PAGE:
Childhood is a time of innocence, but there are no innocent girls in Sierra Leone: Gal pikin im smol wan no de.
This idiom captures cultural values and perceptions about girlhood in Sierra Leone. It fuels harmful practices against girls that make them victims of sexual violence, underage pregnancy, and child marriage.
In our country, we do not differentiate between girls and women. As long a girl has made the rite of passage into womanhood, the girl is a woman; age doesn’t matter. Unlike boys, society sees girls as adults capable of seduction and sexual deviance.
We say we don’t have “small girls” because we believe that girls are fit for anything–specifically anything of a sexual nature.
Because of this gender-biased belief, Sierra Leone has the 19th highest child marriage rate globally, with 13% of girls married by the age of 15 and 39% by the age of 18. One out of every three girls between the age of 15-19 is either pregnant or has had a child. Two out of every ten girls have had sex with a man at least ten years older.
Gal pikin im smol wan no de.
We deny girls their innocence and use them all the while denying them empathy once they are girl moms. A majority of Sierra Leonean girls grow up hearing that girls are not innocent. Girls (especially those in single-parent households or foster care) take on womanly roles because that is the only path offered to them.
Yu no smol egen yu don pul bobi.
Every year for Day of The Girl, I post quotes, posters, and themes, but this year it was harder to do since I visited three girl moms in Moyamba, Southern Sierra Leone. Their lived experiences require that we all do more to safeguard girl moms like them.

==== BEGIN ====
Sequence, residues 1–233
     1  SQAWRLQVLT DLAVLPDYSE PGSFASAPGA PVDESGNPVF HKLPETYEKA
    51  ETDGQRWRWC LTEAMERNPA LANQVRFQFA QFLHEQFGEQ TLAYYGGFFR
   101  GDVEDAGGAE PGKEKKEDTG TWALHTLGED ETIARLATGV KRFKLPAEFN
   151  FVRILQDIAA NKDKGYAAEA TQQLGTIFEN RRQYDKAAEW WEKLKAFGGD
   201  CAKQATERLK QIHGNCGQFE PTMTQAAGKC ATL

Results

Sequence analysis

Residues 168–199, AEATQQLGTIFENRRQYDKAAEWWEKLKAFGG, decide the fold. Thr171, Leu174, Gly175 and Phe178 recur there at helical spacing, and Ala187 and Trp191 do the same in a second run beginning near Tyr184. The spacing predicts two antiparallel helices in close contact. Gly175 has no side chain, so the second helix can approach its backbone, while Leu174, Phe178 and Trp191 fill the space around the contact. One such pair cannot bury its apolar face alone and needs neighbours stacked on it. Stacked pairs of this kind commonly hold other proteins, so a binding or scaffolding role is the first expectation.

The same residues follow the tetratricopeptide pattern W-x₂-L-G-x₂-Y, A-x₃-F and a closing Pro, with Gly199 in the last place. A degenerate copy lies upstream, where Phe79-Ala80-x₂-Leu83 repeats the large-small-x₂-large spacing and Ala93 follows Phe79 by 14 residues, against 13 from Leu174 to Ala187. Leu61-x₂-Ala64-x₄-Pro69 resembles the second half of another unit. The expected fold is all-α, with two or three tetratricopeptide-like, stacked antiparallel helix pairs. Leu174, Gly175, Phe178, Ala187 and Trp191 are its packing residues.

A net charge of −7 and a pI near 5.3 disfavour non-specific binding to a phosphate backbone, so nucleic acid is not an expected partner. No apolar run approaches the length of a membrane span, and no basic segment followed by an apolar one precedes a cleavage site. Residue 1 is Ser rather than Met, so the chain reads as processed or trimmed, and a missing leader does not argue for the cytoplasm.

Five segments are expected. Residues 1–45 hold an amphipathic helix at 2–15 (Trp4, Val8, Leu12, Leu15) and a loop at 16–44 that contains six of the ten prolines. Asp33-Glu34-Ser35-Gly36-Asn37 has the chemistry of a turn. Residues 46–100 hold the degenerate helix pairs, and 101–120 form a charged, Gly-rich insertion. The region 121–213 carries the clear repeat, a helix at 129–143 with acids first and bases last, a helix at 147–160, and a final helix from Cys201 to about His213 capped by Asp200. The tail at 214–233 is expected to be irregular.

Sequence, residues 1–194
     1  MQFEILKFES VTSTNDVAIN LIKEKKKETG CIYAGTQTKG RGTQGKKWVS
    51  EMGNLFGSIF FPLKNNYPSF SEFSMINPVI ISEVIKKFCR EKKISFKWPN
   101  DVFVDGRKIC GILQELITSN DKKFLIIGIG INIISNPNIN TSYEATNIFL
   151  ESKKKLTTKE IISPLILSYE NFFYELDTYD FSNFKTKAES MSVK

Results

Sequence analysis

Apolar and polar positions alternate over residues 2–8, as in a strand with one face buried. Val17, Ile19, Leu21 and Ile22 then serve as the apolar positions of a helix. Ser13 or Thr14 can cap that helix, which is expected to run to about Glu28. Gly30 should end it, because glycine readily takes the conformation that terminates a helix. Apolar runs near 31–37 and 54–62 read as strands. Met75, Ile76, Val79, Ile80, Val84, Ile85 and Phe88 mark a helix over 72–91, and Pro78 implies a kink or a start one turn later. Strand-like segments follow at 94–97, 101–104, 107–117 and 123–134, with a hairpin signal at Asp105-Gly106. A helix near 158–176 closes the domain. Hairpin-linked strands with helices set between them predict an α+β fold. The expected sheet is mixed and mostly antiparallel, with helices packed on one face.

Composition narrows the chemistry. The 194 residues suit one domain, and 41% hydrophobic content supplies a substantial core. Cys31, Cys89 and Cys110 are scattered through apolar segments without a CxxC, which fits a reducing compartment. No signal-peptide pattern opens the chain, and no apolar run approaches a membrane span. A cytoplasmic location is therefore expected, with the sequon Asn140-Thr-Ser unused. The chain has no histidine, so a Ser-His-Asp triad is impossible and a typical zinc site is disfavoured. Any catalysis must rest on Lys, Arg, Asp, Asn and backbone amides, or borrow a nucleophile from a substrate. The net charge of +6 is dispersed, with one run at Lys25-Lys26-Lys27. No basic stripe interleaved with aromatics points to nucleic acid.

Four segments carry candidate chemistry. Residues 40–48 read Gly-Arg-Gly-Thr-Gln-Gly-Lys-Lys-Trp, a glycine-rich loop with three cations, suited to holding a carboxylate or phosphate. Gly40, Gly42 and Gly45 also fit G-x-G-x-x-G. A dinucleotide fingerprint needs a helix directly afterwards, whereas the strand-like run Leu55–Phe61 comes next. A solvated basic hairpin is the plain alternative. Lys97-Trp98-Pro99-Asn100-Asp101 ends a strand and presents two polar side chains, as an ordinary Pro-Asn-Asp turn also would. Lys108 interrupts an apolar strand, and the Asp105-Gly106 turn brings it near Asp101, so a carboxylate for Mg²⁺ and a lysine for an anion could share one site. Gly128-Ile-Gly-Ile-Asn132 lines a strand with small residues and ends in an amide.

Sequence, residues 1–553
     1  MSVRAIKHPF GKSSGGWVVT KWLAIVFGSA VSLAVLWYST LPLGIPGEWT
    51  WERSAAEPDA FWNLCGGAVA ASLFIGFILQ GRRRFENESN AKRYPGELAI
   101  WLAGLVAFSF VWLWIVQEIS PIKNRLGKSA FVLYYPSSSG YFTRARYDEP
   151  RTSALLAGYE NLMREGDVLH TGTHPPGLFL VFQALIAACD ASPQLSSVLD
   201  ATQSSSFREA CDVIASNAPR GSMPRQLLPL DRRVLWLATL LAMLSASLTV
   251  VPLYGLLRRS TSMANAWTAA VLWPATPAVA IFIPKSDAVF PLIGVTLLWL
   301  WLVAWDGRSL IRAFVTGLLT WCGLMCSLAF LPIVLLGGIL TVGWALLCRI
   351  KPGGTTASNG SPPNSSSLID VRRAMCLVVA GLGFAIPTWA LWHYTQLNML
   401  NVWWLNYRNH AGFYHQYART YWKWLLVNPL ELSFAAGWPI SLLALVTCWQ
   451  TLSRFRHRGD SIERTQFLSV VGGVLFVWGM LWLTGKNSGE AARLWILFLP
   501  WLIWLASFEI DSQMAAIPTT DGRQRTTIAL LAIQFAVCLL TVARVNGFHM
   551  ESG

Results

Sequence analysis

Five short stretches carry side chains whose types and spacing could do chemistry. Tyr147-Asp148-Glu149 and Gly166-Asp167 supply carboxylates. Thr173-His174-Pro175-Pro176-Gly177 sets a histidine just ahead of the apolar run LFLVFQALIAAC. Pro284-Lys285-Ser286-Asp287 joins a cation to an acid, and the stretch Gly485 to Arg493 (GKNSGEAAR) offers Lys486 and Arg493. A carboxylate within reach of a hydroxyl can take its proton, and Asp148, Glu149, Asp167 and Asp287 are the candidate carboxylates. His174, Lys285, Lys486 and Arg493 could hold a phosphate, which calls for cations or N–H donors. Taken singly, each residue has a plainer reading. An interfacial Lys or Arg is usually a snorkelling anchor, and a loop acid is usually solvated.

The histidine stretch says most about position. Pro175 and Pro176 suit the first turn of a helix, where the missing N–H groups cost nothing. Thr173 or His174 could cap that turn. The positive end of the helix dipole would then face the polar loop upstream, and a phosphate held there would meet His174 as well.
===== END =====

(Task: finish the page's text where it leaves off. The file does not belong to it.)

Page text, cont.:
All three of girls I met do not have both parents at home. All of them lived with extended family when they got pregnant. All of them dropped out of school when they got pregnant. None of the fathers who had been older than them when they got pregnant are active in providing care or support for their children.
Lumbe, Lucy, and Janet are 21, 19, and 18, respectively. They are in junior secondary school (the10th grade). Had it not been for childcare services and psychosocial support from an NGO founded by a woman who had been a girl mom, they would be out-of-school.
Across Sierra Leone, girls have less access to learning opportunities, and they are more likely to drop out of school.
According to Save The Children, persistent gender gaps exist at all levels of education; 68% of boys complete primary school versus 55% of girls, and 47% of boys complete lower secondary level versus only 29% of girls. Five out every ten girls 15-24 years old are illiterate, compared to three out of ten boys.
And yet the girls I met in Moyamba say that education is the only way they can become whatever they dream.
Until legal punitive action against those who rob girls of their innocence by making them child brides and girl moms becomes the norm, we must prioritize the girl victims.
While we identify girls at risk for pregnancy (and reduce their vulnerabilities), we must create programs that support girls from healthy pregnancy through to delivery, and for the first five years of their child’s life. Safeguard girls’ health during and after pregnancy, their babies, and connect them with the resources they need to gain education and skills.
A Five Year Girl-Mom Centered Approach to education and healthcare service delivery